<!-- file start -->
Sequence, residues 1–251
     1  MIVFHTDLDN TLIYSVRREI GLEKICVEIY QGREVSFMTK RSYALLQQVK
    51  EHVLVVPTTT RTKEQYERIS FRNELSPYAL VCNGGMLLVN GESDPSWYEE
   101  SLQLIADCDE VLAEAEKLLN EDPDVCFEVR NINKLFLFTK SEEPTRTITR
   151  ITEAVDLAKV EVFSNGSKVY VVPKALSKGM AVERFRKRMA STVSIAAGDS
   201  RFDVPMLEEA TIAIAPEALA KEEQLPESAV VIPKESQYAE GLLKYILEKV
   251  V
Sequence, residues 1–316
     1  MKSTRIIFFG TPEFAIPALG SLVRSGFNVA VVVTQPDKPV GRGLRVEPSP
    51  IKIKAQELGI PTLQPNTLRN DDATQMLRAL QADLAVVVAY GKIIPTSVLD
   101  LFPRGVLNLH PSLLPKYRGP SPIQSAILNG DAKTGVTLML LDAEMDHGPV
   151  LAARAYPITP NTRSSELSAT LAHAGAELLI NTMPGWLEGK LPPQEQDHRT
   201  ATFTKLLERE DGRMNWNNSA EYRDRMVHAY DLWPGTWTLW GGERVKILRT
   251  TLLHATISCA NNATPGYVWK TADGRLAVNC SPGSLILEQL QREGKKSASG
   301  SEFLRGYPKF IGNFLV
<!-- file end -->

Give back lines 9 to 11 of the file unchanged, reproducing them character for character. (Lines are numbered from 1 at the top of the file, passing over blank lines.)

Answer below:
     1  MKSTRIIFFG TPEFAIPALG SLVRSGFNVA VVVTQPDKPV GRGLRVEPSP
    51  IKIKAQELGI PTLQPNTLRN DDATQMLRAL QADLAVVVAY GKIIPTSVLD
   101  LFPRGVLNLH PSLLPKYRGP SPIQSAILNG DAKTGVTLML LDAEMDHGPV